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Dr. Saima Mushtaq expansively touches all aspects of acute viral meningitis at sqadia.com. Starting off with clinical manifestations and etiology, CSF examination and viral culture also comes under debate. PCR and serologic studies are also discussed along with specific viral aetiologies. Lastly, information about antivirals is given. To know about acute bacterial meningitis, stream the full length lecture on sqadia.com.
Clinical Manifestations and Etiology
Immunocompetent patients present with clinical manifestations of headache, fever, signs of meningeal irritation. Constitutional signs correspond to malaise, myalgia, anorexia. Etiologically, viruses causing acute meningitis are enteroviruses, varicella-zoster virus (VZV), arboviruses, human immunodeficiency virus.
CSF Examination and Viral Culture
Total CSF cell count in viral meningitis is 25–500/μL. After that, normal and decreased CSF glucose concentration is elaborated. Markers of specific viral infection include neopterin, quinolinate, β2-macroglobulin. For viral culture, specific viruses are isolated from throat swab, stool, blood, and urine. Enteroviral infections may persist for several weeks.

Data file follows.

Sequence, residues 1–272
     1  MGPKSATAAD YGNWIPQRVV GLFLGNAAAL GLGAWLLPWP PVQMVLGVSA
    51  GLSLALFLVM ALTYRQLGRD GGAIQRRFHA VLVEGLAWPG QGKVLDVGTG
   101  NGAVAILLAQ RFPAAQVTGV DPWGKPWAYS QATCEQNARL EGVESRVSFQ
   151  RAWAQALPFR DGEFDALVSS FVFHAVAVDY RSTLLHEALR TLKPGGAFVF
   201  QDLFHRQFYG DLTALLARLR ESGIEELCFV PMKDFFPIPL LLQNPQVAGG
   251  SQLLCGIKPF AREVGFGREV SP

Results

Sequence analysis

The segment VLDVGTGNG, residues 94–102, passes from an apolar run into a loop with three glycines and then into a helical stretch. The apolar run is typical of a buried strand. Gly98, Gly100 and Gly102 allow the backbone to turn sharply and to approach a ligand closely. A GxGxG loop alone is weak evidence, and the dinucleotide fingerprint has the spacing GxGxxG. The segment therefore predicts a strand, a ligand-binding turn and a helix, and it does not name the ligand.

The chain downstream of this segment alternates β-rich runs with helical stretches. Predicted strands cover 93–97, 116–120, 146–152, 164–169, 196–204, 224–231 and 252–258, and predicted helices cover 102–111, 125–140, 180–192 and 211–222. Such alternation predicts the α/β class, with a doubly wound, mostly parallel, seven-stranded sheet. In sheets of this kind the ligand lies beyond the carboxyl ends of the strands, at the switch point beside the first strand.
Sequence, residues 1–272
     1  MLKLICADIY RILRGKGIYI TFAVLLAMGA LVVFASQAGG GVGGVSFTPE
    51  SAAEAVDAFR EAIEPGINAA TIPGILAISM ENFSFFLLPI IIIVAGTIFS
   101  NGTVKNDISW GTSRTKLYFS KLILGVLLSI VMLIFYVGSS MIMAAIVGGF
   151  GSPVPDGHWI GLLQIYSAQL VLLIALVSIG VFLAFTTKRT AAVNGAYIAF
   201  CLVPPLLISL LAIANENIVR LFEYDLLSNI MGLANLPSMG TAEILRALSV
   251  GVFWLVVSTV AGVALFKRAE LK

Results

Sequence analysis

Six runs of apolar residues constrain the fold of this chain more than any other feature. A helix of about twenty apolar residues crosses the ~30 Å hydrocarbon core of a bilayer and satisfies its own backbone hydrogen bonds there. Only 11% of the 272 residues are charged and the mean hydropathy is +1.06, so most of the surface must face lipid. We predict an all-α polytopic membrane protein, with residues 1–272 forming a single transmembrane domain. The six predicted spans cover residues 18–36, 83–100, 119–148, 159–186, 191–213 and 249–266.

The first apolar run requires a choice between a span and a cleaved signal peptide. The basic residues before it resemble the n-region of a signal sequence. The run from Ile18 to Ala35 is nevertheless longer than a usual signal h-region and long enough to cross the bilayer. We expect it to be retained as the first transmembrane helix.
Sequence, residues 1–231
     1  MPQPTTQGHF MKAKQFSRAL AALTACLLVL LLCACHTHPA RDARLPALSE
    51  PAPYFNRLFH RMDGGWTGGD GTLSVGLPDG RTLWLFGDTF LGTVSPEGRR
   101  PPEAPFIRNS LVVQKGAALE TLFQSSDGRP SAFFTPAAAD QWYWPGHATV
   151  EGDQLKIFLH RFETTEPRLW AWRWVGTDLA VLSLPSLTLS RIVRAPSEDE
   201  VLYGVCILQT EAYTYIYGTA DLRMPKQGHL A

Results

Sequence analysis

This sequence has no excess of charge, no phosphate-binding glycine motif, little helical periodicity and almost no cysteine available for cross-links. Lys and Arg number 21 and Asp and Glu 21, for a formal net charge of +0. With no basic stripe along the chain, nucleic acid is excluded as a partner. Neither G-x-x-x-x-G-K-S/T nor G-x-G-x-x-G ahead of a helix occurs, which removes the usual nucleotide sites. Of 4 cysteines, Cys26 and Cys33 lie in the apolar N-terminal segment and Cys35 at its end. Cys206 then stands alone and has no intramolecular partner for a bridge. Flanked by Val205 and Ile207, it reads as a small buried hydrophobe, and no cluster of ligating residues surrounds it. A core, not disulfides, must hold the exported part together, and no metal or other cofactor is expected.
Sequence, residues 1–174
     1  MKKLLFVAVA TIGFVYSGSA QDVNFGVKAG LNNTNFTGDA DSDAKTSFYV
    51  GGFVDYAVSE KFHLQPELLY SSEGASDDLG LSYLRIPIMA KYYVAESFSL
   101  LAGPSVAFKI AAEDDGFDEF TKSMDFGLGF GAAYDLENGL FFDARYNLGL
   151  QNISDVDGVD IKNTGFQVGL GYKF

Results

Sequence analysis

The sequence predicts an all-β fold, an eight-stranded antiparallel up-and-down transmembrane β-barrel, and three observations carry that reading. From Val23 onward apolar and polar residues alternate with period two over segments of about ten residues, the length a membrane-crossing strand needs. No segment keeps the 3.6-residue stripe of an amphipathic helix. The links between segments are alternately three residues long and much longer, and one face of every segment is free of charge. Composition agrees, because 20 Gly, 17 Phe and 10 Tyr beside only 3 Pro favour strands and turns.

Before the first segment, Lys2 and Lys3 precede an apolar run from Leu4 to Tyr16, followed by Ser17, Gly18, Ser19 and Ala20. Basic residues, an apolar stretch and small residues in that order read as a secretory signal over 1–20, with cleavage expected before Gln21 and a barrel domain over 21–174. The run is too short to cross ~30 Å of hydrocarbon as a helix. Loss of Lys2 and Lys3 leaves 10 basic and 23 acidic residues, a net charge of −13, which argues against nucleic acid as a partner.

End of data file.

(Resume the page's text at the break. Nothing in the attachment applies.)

PCR and Serologic Studies
Polymerase chain reaction amplification is used for the diagnosis of CNS viral infections. Amplification of viral-specific DNA or RNA is carried out. Serologic studies are done for many arboviruses including WNV. Viruses with high seroprevalence are VZV and HSV. Other laboratory studies follow complete blood count and differential liver and renal function tests, c-reactive protein, and neuroimaging studies.
Specific Viral Aetiologies
Among specific viral aetiologies, enteroviruses are the most common cause. It is sporadic or occur in clusters. Arbovirus infections are common mainly in summer and early fall. HSV meningitis is the major cause in adults. VZV meningitis is suspected in presence of chickenpox or shingles. Moreover, information about EBV Infections, HIV meningitis, mumps, and LCMV infection is also delivered.
Treatment is carried out by the use of analgesics, antipyretics, antiemetics, and fluid & electrolyte status monitoring. Hospitalization is advised if encephalitis and parenchymal brain involvement is seen. For HIV meningitis, highly active antiretroviral therapy is prescribed. There is no specific therapy for arboviruses.